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Class 2 Values and Issues

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Ryerson University
PSY 808
Kosha Bramesfeld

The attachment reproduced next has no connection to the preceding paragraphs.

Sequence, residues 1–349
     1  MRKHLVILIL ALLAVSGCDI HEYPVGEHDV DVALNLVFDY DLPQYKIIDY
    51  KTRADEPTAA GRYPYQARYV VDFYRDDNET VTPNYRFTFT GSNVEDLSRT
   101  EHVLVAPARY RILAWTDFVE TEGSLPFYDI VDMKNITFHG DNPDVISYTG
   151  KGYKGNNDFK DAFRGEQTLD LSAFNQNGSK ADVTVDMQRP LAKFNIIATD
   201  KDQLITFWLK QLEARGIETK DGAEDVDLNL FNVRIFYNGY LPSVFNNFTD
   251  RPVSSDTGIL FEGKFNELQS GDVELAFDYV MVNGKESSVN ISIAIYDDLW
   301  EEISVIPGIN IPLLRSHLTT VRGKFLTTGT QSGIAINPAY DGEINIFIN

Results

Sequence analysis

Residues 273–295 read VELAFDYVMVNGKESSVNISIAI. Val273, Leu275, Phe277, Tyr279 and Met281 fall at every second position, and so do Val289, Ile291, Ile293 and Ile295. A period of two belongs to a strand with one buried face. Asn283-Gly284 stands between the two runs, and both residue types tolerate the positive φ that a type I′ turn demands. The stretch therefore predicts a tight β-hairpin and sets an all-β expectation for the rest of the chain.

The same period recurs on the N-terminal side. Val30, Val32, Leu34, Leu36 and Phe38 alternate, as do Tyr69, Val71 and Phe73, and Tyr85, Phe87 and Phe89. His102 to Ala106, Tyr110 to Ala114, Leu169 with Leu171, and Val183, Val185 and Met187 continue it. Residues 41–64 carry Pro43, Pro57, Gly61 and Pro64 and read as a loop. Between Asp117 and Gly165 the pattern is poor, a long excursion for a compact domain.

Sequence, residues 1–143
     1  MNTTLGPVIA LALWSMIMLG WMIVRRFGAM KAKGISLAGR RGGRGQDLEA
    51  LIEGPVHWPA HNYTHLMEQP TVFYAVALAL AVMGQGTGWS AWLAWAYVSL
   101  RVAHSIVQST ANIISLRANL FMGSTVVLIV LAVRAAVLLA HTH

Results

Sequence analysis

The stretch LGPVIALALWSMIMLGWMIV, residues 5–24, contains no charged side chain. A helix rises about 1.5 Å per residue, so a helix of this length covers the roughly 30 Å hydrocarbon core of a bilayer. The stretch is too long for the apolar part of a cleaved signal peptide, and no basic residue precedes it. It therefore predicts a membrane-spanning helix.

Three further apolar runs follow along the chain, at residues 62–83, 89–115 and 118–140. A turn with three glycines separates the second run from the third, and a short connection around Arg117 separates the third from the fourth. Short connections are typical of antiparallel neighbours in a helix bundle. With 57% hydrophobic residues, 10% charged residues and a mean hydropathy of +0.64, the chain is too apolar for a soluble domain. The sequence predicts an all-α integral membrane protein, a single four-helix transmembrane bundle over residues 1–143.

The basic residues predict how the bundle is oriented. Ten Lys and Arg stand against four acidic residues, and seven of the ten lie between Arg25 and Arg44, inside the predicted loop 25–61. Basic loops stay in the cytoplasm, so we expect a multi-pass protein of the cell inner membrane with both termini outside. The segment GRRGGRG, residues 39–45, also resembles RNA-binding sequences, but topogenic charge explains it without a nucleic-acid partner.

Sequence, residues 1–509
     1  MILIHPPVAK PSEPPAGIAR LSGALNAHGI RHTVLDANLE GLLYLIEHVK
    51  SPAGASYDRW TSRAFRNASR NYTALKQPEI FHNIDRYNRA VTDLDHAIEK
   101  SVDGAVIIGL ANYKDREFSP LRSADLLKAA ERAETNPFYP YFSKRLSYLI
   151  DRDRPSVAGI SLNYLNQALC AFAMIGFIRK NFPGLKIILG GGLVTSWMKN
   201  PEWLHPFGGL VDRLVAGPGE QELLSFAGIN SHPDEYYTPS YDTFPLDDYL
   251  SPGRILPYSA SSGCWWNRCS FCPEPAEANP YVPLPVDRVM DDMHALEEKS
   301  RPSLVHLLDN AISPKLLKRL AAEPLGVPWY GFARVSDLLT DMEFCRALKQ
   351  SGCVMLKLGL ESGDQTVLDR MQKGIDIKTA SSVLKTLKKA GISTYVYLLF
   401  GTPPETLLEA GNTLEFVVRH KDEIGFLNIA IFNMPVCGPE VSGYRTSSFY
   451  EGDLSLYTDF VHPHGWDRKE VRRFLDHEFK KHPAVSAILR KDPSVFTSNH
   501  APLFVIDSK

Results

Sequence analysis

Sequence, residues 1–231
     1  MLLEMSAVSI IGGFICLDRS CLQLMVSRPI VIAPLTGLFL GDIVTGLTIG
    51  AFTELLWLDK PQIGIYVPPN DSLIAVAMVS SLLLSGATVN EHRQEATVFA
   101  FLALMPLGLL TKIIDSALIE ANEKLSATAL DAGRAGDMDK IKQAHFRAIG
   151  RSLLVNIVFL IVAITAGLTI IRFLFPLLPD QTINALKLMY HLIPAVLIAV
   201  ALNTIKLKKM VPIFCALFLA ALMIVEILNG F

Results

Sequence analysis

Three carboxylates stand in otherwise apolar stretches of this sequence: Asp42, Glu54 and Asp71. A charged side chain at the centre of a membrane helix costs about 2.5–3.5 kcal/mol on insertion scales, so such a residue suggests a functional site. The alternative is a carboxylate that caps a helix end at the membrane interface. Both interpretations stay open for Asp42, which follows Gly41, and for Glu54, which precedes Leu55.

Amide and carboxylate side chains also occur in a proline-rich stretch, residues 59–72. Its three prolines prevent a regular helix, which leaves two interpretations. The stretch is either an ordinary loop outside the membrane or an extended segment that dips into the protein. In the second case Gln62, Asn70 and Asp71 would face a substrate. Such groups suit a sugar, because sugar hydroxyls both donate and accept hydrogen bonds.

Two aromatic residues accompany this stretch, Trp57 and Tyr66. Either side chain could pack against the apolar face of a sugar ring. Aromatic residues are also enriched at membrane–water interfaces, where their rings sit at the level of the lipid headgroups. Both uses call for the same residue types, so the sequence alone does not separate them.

Class 2: Jan 17, 2013 Values, Issues & Principles A community is where everyone has something in common A value is considered something that is worthwhile or valuable In the 1960’s, community psychology was acknowledged for the first time a discipline. In the 1980’s, community psychology became officially a sub-discipline within the Canadian Psychological Association. As a discipline we haven’t existed for very long but the questions that we ask within psychology have been around for a very long time. To understand psychology as a discipline, we need to look at the U.S where community psychology gained its momentum. The YMCA, Scouts programs started to originate in the 1890-1920’s in the U.S where huge labour movements began and the values that existed back then still exist today. US Labour and Social Movement Values: education, labour union, compassion, rights of workers, equality community involvement Issues: low income, employment, poverty, healthcare, racial barriers, access to childcare, language barriers, early education Principles/Interventions: kindergarten classes, open/public access, employment bureau, mixed income neighbourhoods In the 1960’s, in addition to the social movement, there was also a healthcare movement where there was this recognition where people may suffer from mental illness and we need to approach this problem in different ways. Called the Consumer-ex-patient-movement where there were self-help organizations developed such as Alcoholics Anonymous.  Rest of information on video There was a lot of institutionalized where people were put into asylums because mental illness was not understood and there was also deinstitutionalized where the patients were let out of mental hospitals. Mental Health movement of the 1960’s Values: intolerance, conformity, intent on helping Issues: inst. mental health care (overcrowding, lack of funding), lack of autonomy, stigma, mental health and how we define it Principles: harm reduction (addictions and drug use), prevention (getting to people before they get addicted through education), self-help groups, criminalization, regulation Survivor’s Movement: values were of power, autonomy, respect where the survivor’s of the
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